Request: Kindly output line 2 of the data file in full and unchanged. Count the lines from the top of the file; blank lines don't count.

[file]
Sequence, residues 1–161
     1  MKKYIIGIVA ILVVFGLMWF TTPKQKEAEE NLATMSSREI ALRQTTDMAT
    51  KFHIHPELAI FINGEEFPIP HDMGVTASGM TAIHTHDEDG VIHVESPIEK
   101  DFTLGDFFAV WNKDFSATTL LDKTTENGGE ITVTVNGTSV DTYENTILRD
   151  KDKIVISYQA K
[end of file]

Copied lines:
     1  MKKYIIGIVA ILVVFGLMWF TTPKQKEAEE NLATMSSREI ALRQTTDMAT